Apr 16 2014 1:00pm

Rereading Joe Abercrombie’s First Law Trilogy, The Blade Itself: “The Bloody-Nine” and “The Tools We Have”

Joe Abercrombie First Law Trilogy reread The Blade Itself And so we conclude Joe Abercrombie’s The Blade Itself. When I began this project in August, I had no idea it would take this long to get through the first book. Nor did I have any concept of how much I would enjoy the journey.

I wrote a review of Brandon Sanderson’s Words of Radiance that described how impressed I was at his ability to maintain the reader’s interest in four people over such a massive span of words and scenes. The same is true here, but with a different twist. Sanderson has lots of events, constant action. Every chapter has some kind of reveal or nugget that urges the reader forward. He’s a master at it. Abercrombie, in The Blade Itself, is something of the opposite.

It stuns me how little happens. Instead, the narrative subsists on the back of meta commentary and not so much character development as character establishment. The first installment of The First Law is an unadulterated prologue to the trilogy, in no way attempting to be a complete novel that stands on its own. It’s a huge achievement.


“The Bloody-Nine”

Summary: Logen tries to make friends with Jezal and finds it impossible. He makes a go at it with Quai and finds the apprentice intractable in his gloom. Bayaz storms in and demands to know where Ferro has run off to. Logen is tasked with tracking her down.

He finds her, surrounded by three men threatening her to come with them. Evaluating the situation, Logen can tell it will come to blows and leaps to his new “teammate’s” defense. Once the three are subdued Logen asks what Ferro has done, but she has no explanation. Before they can catch their breath more men appear, lead by a woman with short red hair. The pair of bedraggled warriors flees across the Agriont’s rooftops.

Eventually, they find themselves trapped and surrounded. Logen takes a beating and finds himself on the verge of death when something comes over him and the Bloody-Nine takes hold. The change turns the tide of the battle and Logen lays waste to the attackers, including another Northman who mocks him for taking the Bloody-Nine’s name in vain.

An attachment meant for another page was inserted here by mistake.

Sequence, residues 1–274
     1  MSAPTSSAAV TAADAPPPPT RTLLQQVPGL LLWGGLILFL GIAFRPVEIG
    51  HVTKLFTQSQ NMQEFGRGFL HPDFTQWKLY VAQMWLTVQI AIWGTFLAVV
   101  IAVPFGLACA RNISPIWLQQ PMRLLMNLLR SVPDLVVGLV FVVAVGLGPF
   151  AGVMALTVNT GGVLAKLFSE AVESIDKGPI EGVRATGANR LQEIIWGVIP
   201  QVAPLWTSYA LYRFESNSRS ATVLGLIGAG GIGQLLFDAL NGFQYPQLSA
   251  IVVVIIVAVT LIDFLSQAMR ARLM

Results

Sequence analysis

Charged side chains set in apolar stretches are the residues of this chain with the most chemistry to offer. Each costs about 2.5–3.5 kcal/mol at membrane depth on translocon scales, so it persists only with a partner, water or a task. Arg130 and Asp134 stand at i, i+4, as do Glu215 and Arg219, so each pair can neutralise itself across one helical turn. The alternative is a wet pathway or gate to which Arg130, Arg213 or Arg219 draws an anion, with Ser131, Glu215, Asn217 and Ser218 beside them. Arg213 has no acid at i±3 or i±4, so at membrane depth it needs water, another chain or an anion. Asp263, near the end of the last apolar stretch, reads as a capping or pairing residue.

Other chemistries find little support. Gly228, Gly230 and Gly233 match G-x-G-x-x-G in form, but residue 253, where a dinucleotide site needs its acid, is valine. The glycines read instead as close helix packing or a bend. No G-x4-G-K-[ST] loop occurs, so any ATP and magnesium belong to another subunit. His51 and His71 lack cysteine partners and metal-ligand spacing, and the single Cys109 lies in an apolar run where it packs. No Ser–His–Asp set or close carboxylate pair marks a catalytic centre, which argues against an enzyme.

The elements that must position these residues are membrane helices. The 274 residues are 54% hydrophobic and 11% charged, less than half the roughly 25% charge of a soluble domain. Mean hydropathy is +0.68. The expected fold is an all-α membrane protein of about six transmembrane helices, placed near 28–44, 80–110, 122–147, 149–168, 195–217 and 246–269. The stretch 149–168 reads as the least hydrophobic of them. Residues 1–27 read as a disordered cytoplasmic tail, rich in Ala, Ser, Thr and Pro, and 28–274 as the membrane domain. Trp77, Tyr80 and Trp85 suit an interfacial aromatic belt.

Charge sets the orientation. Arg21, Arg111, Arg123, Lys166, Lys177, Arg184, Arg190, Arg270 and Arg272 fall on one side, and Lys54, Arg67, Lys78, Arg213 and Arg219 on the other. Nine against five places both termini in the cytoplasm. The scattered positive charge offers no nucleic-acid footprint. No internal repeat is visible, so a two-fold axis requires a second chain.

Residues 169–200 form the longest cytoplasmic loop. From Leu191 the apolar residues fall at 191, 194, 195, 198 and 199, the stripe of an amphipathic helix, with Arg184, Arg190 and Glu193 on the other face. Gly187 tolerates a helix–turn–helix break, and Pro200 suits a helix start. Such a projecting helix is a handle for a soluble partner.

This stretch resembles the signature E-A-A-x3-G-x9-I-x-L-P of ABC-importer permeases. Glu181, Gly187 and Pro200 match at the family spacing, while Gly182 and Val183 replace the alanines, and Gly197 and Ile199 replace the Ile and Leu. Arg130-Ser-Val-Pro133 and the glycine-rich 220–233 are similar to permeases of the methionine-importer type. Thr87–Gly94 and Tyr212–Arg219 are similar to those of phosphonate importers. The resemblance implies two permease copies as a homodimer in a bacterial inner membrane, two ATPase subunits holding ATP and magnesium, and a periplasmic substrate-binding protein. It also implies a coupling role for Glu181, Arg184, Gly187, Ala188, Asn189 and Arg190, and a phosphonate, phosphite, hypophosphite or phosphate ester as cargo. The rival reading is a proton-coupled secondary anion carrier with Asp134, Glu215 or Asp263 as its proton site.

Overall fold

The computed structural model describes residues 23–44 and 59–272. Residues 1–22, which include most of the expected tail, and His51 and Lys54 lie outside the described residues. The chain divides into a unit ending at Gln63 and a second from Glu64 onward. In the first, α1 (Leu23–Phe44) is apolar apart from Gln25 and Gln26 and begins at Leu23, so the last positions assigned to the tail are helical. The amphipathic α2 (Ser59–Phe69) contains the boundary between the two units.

When the fury leaves him Logen is left shattered, bleeding and weak. Ferro helps him back to Bayaz. The Practicals track them there and insist on arresting Ferro before Bayaz turns one of them into pink mist. The Magi commands the group to help Logen to his feet. They’re leaving. Now.

Important Characters Introduced: None. It’s the second to last chapter!

Minor Characters Introduced: Dead practicals.

Quotes to Remember:

Killing weapons, meant to kill. Well, so much the better, Logen told himself. If you say one thing for Logen Ninefingers, and one thing only, say he’s a killer.

I’m going to have some thoughts about this below.

Logen might have pitied him, but Logen was far away and the Bloody-Nine had no more pity in him than the winter. Less even.

Love how this is described. Logen and the Bloody-Nine are two separate and distinct entities. Sort of. More below.

Analysis: Ok. So, obviously, this chapter cannot be discussed, and frankly there isn’t much else in it to discuss, without addressing the question of is he or isn’t he. In other words, are Logen and the Bloody-Nine the same person, two distinct people in one body, a split personality, or something else all together? We can speculate, but at this point in the trilogy the evidence to support any of those theories just isn’t there. But, in the interests of preparing for future speculation, what does “The Bloody-Nine” show us?

First, it shows that Logen is aware that another presence lives inside him, regardless of how or why it manifests. Furthermore, we know that Logen sees himself as a weapon, a means of destruction, well before he is overtaken by the berserking alter ego (per quote above). We also know that Logen, as himself, feels pain and weakness. He is strong, but not inhumanly. Even the more minor wounds he takes defending Ferro have real consequences on his capacity to fight.